Ansara, the founder of Shawmut Design and Construction here in Boston, is the director of construction for PIH. Ansara is something of a local hero in Boston, particularly to the labor unions here, where he was seen as a staunchly pro-union employer. Ansara used those connections to inspire union plumbers, electricians and carpenters to come to Haiti to work and train Haitian workers to learn the skills that keep them employed long after the aid projects pack up and go home.
I heard the Boston accents and saw faded Red Sox caps and plenty of Irish grins among the onsite workers whom Ansara was leading. The beautiful skill and craft of their professions was evident at every turn as Ansara showed us his life masterpiece while it was still a work in progress.
The project was completed very close to on time and on budget, but there have been delays in staffing the hospital and providing adequate training to the doctors and nurses to operate in a new facility. There was a ribbon cutting ceremony in November to announce the completion of the building, and PIH officials say it will be opening in the very near future.
2. The orphanage - It’s a 19,000 square foot facility in the shape of a letter B, and it is called Be Like Brit. The project was built by a Boston-area family who lost their daughter in the earthquake.
Her name was Britney Gengel and she was a 19-year-old college sophomore who had gone to Haiti to serve meals for a Christian charity. She died when the hotel where she was staying, the Montana, collapsed. The $1.8 million facility in her memory will house 33 boys and 33 girls, the precise number representing the number of days Britney’s body lay under the rubble before she was confirmed dead.
The campaign to raise support for this effort grabbed the hearts of many in Boston and became a cause that drew in many citizens who wanted to do something tangible for Haiti. Boston has one of the larger Haitian diaspora communities in America, but the outpouring of support here was not unlike the outpouring of support in many corners of the world.
The difference in Boston might be the way the community stayed with it and didn’t only donate money in the aftermath, but provided extraordinary hours of volunteer work and organizing projects. All of that effort seems best symbolized by Be Like Brit, which opened earlier this month at a ceremony attended by Massachusetts political and community leaders and many family and friends of Britney Gengel.
3. The light - One company has developed a unique, renewable energy solution that is helping Haitians who still live in the darkness of displacement camps, in poor corners of cities, and in rural areas where energy is still not restored, if it was ever steadily available.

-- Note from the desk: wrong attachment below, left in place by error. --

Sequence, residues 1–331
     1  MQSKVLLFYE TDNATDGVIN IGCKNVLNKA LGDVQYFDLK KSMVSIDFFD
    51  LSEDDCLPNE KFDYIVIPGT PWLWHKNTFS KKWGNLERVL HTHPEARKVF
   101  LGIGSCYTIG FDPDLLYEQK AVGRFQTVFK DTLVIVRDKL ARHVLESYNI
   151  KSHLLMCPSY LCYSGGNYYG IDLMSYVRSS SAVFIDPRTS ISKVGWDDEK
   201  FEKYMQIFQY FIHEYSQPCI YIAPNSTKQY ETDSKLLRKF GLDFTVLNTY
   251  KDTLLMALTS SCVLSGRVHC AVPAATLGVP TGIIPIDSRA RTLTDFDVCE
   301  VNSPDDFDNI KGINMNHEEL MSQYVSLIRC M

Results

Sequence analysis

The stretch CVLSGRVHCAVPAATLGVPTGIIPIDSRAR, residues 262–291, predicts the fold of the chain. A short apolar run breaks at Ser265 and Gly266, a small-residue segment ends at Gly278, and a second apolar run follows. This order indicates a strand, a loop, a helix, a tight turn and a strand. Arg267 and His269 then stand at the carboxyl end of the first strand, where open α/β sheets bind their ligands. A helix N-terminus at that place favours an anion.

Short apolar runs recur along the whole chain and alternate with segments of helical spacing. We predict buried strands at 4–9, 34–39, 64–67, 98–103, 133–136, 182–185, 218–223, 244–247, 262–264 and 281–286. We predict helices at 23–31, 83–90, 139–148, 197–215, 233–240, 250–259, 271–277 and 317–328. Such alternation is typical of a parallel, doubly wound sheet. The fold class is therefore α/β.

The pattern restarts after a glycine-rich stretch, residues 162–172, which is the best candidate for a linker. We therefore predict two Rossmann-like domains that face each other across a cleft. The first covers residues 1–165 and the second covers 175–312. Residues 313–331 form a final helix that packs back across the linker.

They are solar-powered lanterns named Luci, and as MPOWERD co-founder and CEO Jacques-Philippe Piverger sees it, their application will go beyond Haiti. MPOWERD hopes that Luci will reach nearly 3 billion people who live in complete energy poverty or in areas with unreliable energy.
The company has started a crowd-funding campaign through Indiegogo to scale up distribution of the lanterns that will allow Haitian families to see at night, for school children to do their homework and for the country to move away from expensive and dangerous kerosene lamps that produce toxic fumes and can result in fires that cause severe burns.
“Indiegogo offers an incredible opportunity for anyone to contribute and help us fulfill our dream of ending energy poverty. This is one of the most important development challenges facing us today, and we can no longer afford to ignore those who face tremendous challenges to their health, education, and safety simply because they lack adequate lighting sources,” said Piverger.
The goal of the campaign is to raise $200,000, according to Piverger, who is an extraordinarily energetic and effective entrepreneur, who has been telling me about these lanterns over the last year and who is now building a head of steam to get this done.
To learn more about Luci or MPOWERD, or to make a donation, visit the campaign webpage: http://www.indiegogo.com/mpowerd
Charles M. Sennott is the Executive Editor and co-founder of GlobalPost.